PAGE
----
Saturday, 15 August 2015

Notes on inking.

September sees the return of Comics Uncovered in Birmingham. A one day event aimed at comics creators with talks on technique, promotion and pitching to publishers. I attended the first of these events in 2011 when it was called Comics Launchpad, and made the following notes during an inking class held by Klaus Janson. I've since incorporated a lot of these methods and feel that my work has improved massively as a result, so hopefully this can be of use to others.

Whilst a lot of this is specific to traditional inking, a few of the pointers can also be applied digitally. 
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Hold the brush straight down, not angled like a pencil. This allows greater movement in all directions.

Separate elements should be approached and inked separately. Don't ink grass the same way you would ink bricks/stone/wood.

Dip pen nibs come with a fine layer of grease, acquired during manufacture. Rub the grease off with a shave of an eraser. Then use a lighter or flame to light the nib (briefly!) to burn off any excess. The ink flow on the nib will greatly improve as a result.

An average brush lasts Klaus approximately 40 pages, though it can vary.

Use thinner ink for longer lines. Cheaper ink is thinner. Use the better quality thicker ink for larger areas/spot blacks. (I've since used this as a rule, it works a charm. The thinner (cheaper) ink can last so much longer when doing lots of linework; using the good stuff (Windsor & Newton in my case) tends to mean more time spent washing brushes and less time inking.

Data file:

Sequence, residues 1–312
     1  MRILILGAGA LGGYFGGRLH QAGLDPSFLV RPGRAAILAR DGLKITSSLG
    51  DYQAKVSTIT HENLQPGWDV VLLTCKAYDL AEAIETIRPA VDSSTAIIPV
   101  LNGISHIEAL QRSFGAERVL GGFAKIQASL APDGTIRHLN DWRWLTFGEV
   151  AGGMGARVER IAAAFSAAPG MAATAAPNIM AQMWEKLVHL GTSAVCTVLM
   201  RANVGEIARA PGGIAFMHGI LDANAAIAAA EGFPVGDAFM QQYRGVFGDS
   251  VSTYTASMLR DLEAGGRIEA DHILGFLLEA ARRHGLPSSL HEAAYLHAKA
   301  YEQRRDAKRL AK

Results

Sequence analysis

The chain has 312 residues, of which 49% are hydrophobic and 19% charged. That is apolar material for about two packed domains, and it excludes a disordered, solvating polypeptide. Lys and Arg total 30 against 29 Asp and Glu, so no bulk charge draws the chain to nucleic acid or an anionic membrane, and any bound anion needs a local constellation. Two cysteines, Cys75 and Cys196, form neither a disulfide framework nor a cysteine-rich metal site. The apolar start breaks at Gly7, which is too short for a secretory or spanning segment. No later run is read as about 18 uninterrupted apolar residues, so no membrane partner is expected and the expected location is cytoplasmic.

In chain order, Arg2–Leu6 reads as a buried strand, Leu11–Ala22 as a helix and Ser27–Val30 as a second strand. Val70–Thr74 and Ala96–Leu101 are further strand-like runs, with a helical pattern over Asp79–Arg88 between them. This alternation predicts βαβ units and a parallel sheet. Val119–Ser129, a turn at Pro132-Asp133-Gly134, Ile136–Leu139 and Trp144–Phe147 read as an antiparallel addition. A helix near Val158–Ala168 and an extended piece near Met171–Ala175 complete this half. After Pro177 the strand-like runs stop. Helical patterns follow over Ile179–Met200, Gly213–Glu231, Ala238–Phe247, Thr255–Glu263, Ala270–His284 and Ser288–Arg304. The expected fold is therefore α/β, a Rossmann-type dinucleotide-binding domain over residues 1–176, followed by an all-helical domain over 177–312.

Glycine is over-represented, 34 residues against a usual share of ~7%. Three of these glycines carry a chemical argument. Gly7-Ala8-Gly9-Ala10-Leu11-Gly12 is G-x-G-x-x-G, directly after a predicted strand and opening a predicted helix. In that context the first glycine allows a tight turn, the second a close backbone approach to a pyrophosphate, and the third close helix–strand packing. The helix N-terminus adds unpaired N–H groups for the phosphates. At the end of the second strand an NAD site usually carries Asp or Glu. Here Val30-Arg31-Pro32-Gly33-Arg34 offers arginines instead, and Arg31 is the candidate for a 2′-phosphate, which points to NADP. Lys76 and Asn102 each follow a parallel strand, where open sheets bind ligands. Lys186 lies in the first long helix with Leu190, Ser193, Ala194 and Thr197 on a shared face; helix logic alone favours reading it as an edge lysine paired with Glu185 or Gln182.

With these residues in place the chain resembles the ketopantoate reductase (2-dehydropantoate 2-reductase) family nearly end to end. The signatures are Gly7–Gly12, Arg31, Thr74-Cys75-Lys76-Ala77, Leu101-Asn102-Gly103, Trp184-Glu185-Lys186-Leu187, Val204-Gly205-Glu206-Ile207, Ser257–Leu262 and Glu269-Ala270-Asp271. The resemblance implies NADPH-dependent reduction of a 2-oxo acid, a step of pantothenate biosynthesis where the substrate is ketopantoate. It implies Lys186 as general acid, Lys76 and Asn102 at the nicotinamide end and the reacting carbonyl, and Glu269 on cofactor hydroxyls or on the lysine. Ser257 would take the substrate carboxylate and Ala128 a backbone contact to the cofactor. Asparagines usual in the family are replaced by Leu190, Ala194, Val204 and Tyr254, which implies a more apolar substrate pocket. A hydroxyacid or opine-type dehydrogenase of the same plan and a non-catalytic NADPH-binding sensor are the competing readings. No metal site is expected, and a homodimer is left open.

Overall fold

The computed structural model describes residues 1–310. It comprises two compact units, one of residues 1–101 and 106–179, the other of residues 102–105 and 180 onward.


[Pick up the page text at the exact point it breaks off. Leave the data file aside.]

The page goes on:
Before working, swirl the brush in water to make a finer point.

Always keep the ink bottle full, don't go searching for it. Higher levels of tar in ink kills brushes faster. Once the brush is dead, it's dead.

Angular lines indicate power and strength - this was whilst inking a Hulk fist and knuckles - curved lines indicate more malleable surfaces.

A thick line butting against a thin creates the element of one object being behind another.

Lock your wrist whilst applying lines, use your forearm instead. (Oh man, this single trick alone has proven priceless for me. Straight lines, long curves, everything becomes more controlled, though it does take a bit of practice and you need to teach your brain that it's a good idea - well, I did anyway!)

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On the subject of straight lines, another trick I've picked up on my travels (via PJ Holden) is to use a ruler with a brush. Put the ruler edge on the page (at roughly 45 degrees, or high enough to get your fingers underneath it) and run the stem of the brush along the other edge. Your inking hand can sit on the ruler.



This does require a fair bit of practice, but combined with the 'Lock your wrist' technique, gives you lines that have a bit more life to them  (as opposed to fineliners drawn with normal use of a ruler, which can leave your work looking a bit flat) and you can vary the line width as you go. Varying the line weight is great for brickwork, stone or surfaces with damaged edges. I've also found that by tilting the ruler, you can ink a lot of parallel lines without having to move and reset yourself - useful for speed lines, door frames and distant buildings.